Your life has worth -- but $1M less than before
WASHINGTON - It's not just the American dollar that's losing value. A government agency has decided that an American life isn't worth what it used to be.
The "value of a statistical life" is $6.9 million in today's dollars, the Environmental Protection Agency reckoned in May -- a drop of nearly $1 million from just five years ago.
The Associated Press discovered the change after a review of cost-benefit analyses during more than a dozen years.
Though it may seem like harmless bureaucracy, the devaluation has consequences.
Why it matters?
When drawing up regulations, government agencies put a value on human life and then weigh the costs versus the lifesaving benefits of a proposed rule. The less a life is worth to the government, the less the need for a regulation, such as restrictions on pollution.
Consider, for example, a hypothetical regulation that costs $18 billion to enforce but will prevent 2,500 deaths. At $7.8 million per person (the old figure), the lifesaving benefits outweigh the costs. But at $6.9 million per person, the rule costs more than the lives it saves, so it may not be adopted.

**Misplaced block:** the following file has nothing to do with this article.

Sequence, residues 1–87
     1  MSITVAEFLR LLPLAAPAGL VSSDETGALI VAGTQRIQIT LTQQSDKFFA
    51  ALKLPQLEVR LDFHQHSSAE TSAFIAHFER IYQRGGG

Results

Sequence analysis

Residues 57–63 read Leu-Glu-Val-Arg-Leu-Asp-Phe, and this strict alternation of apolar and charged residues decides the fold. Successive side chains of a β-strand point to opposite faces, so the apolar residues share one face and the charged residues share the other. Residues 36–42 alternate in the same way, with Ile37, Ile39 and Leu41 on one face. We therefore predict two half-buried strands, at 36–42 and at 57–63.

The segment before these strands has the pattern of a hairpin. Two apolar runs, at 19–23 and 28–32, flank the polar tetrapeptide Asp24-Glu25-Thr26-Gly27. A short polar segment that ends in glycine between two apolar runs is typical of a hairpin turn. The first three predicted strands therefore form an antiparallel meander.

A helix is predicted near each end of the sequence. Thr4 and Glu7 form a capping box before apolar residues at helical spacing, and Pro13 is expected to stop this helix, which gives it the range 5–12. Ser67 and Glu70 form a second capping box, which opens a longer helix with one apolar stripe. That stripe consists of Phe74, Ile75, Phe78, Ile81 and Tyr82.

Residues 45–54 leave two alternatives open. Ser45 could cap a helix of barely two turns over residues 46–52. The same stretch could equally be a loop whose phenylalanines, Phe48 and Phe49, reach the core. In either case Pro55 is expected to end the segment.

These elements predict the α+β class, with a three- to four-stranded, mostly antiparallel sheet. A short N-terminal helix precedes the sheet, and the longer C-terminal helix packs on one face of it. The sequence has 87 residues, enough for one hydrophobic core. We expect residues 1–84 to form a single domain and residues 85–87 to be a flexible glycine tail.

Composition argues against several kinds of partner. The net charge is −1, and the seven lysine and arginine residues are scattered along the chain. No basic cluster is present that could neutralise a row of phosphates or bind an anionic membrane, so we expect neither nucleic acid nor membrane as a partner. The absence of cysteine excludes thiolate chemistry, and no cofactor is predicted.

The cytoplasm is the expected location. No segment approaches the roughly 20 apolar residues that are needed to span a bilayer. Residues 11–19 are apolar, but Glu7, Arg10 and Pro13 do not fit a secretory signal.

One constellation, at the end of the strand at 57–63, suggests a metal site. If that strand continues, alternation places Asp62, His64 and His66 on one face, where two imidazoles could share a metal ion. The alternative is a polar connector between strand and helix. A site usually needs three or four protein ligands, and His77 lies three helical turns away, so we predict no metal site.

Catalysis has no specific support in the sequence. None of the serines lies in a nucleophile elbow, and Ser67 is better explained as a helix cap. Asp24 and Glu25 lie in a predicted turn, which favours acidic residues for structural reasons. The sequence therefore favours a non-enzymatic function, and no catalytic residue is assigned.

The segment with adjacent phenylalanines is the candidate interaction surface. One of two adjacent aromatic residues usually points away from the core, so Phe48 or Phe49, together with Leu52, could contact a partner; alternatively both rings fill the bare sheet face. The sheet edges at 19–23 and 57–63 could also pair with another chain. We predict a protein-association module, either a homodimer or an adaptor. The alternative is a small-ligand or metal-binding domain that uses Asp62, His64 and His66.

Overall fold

Some environmentalists accuse the Bush administration of changing the value to avoid tougher rules -- a charge the EPA denies.
Motives in question
"It appears that they're cooking the books in regards to the value of life," said S. William Becker, executive director of the National Association of Clean Air Agencies. "Those decisions are literally a matter of life and death."
Agency officials say they just follow science.
The EPA figure is based on what people are willing to pay to avoid certain risks, and on how much extra employers pay their workers to take on additional risks.